Print

Print


Unanimous! (Except for some variances :)

Mark van Soestbergen
Coordinator, UF Climate Neutrality Working Group
[log in to unmask]
www.icbe.com
352.284.8221 direct


----- Original Message ----- 
From: "Dr. Ann C. Wilkie" <[log in to unmask]>
To: <[log in to unmask]>
Sent: Thursday, March 27, 2008 11:47 PM
Subject: Re: Going Biodiesel Is No Cheap Alternative


> BESTers,
>
> "Fossil fuel is fossil thinking" and in this we are unanimous?
>
> __________________________________
>
> Harald W. Kegelmann wrote:
>
>> What most people in this country refuse to accept is that we can't
>> grow ourselves out of the coming shortage of oil supply. The problem
>> is not the cost of biodiesel production. Once oil hits $200/barrel
>> this problem will take care of itself.
>>
>> We simply can't get from here to there without a significant, and I
>> mean SIGNIFICANT change in life style.
>>
>> In Florida, we consume about 8 BILLION gallons of gasoline. Research
>> at IFAS shows that theoretically, we have enough biomass in the state
>> to generate 8 billion gallons of cellulosic ethanol a year. Well, for
>> years, the largest biodiesel plant in the state had a capacity of 20
>> million gallons/year (mg/y). We would need 400 plants of that size to
>> get to 8 billion. Permitting and construction would take about 18
>> month. So we are talking about 600 years in construction time.
>>
>> The largest COMMERCIAL cellulosic ethanol plant based on Dr. Ingram's
>> technology has a capacity of 300,000 gallons a year or 1.5 percent of
>> a 20 mg/y plant.
>>
>> No technology can replace an energy source and there simply is no
>> energy source like oil. We can't get from here to there with any type
>> of fossil fuel or biofuel. The numbers just don't add up. The sun is
>> the only energy source that will be around for a while. The sooner we
>> get that and switch to a solar based economy the better. There will be
>> winners and losers as the supply of oil dries out.
>>
>> Germany plans to install 1,000 more solar power this year than the
>> installed capacity of solar in the "Sunshine State." Abu Dhabi plans
>> to invest $15 BILLION to establish a renewable energy economy:
>>
>> http://www.photon-magazine.com/news_archiv/details.aspx?cat=News_PI&sub=africa&pub=4&parent=954
>>
>> What happened to the pony express and the mainframe will happen to
>> those how try desperately to hang on to the old ways of the fossil
>> fuel century.
>>
>>    Harry
>>
>>
>>>If diesel from petroleum oil is expensive, biodiesel from soybean oil is
>>>almost ludicrous.  Rising costs of farm operations along with a decreased
>>>supply and increased demand are keeping biodiesel prices sky high and
>>>preventing it from becoming a widely applied alternative fuel.
>>>
>>>A biodiesel feedstock that is not tied to petroleum consumption seems to 
>>>be
>>>the most logical.
>>>Algae- powered by the sun, nutrient-rich wastewater, and carbon dioxide-
>>>could be applied in the production of such a feedstock.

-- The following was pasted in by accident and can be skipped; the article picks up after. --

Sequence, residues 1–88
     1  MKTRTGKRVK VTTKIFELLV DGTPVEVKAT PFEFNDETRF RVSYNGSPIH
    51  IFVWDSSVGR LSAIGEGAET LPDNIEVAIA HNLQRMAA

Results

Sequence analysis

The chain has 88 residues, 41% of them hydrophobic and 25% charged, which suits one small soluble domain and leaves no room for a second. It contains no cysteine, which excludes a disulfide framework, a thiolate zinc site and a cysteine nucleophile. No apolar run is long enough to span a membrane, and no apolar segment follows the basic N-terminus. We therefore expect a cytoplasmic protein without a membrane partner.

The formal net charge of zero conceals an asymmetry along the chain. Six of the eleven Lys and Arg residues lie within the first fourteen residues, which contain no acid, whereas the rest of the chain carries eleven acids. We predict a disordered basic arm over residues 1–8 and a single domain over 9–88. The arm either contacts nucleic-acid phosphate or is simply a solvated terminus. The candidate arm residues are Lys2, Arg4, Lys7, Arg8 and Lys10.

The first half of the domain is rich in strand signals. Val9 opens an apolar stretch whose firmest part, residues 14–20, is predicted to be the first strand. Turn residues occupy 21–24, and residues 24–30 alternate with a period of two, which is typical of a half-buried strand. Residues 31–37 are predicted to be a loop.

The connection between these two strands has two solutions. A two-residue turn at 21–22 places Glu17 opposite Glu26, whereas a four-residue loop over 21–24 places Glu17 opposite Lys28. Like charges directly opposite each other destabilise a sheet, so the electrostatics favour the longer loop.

>>>
>>>-Scott J.E.
>>>
>>>
>>>
>>>http://www.usnews.com/blogs/beyond-the-barrel/2008/03/25/going-biodiesel-is-no-cheap-alternative.html
>>>Going Biodiesel Is No Cheap Alternative March 25, 2008 03:28 PM ET | 
>>>Marianne
>>>Lavelle<http://www.usnews.com/Topics/tag/Author/m/marianne_lavelle/index.html>|
>>>Permanent
>>>Link<http://www.usnews.com/blogs/beyond-the-barrel/2008/3/25/going-biodiesel-is-no-cheap-alternative.html>
>>>
>>>The retail cost of highway diesel fuel is $3.99 per gallon—thanks to 
>>>tough
>>>environmental rules and strong global demand, especially in Europe. The
>>>national average retail price of diesel hit an all-time high for five 
>>>weeks
>>>in a row, is above $4 per gallon in plenty of places, and is up 50 
>>>percent
>>>over one year ago.
>>>
>>>I thought this might make it a good market for biodiesel, the alternative
>>>fuel blended from vegetable or plant oils, but then I saw Autobloggreen's
>>>report<http://www.autobloggreen.com/2008/03/16/high-soybean-price-halts-biodiesel-production-in-minnesota-plant/>on
>>>a Minnesota biodiesel plant that was halting production, at least
>>>temporarily, because of skyrocketing soybean oil costs.
>>>
>>>Guess what? Petroleum prices have yanked farm prices up right along with
>>>them, because of rising farm energy costs and rising use of biofuels. By
>>>now, everyone knows about corn prices and
>>>ethanol<http://www.usnews.com/usnews/news/articles/070204/12ethanol.htm>,
>>>but keep in mind that when farmers turn soy acres to corn for ethanol, 
>>>that
>>>means higher prices for soy—the most common feedstock for biodiesel in 
>>>the
>>>United States. So the rising petroleum tide lifts all alternative
>>>boats......
>>>continued at:
>>>
>>>
>>>http://www.usnews.com/blogs/beyond-the-barrel/2008/03/25/going-biodiesel-is-no-cheap-alternative.html
>>>
>
> -- 
> **********************************************************************
> Dr. Ann C. Wilkie                          Tel: (352)392-8699
> Soil and Water Science Department          Fax: (352)392-7008
> University of Florida-IFAS
> P.O. Box 110960                         E-mail: [log in to unmask]
> Gainesville, FL 32611-0960
> ______________________________________________________________________
> Campus location: Environmental Microbiology Laboratory (Bldg. 246).
> http://campusmap.ufl.edu/
> ______________________________________________________________________
> BioEnergy and Sustainable Technology Society
> http://grove.ufl.edu/~bests/
>
> **********************************************************************